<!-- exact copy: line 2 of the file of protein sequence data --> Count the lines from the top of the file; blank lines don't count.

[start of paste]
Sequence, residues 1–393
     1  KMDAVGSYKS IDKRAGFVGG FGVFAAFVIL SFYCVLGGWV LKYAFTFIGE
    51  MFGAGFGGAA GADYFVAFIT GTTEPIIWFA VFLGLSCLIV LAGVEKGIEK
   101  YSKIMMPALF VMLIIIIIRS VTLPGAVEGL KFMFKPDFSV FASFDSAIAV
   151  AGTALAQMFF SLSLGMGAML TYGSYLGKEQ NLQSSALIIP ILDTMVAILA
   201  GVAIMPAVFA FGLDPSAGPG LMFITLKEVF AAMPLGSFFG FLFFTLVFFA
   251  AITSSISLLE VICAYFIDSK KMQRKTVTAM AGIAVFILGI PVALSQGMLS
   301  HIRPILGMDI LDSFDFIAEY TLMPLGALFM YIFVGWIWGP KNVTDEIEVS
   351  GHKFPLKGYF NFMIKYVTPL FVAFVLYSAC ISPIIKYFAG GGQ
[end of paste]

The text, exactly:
     1  KMDAVGSYKS IDKRAGFVGG FGVFAAFVIL SFYCVLGGWV LKYAFTFIGE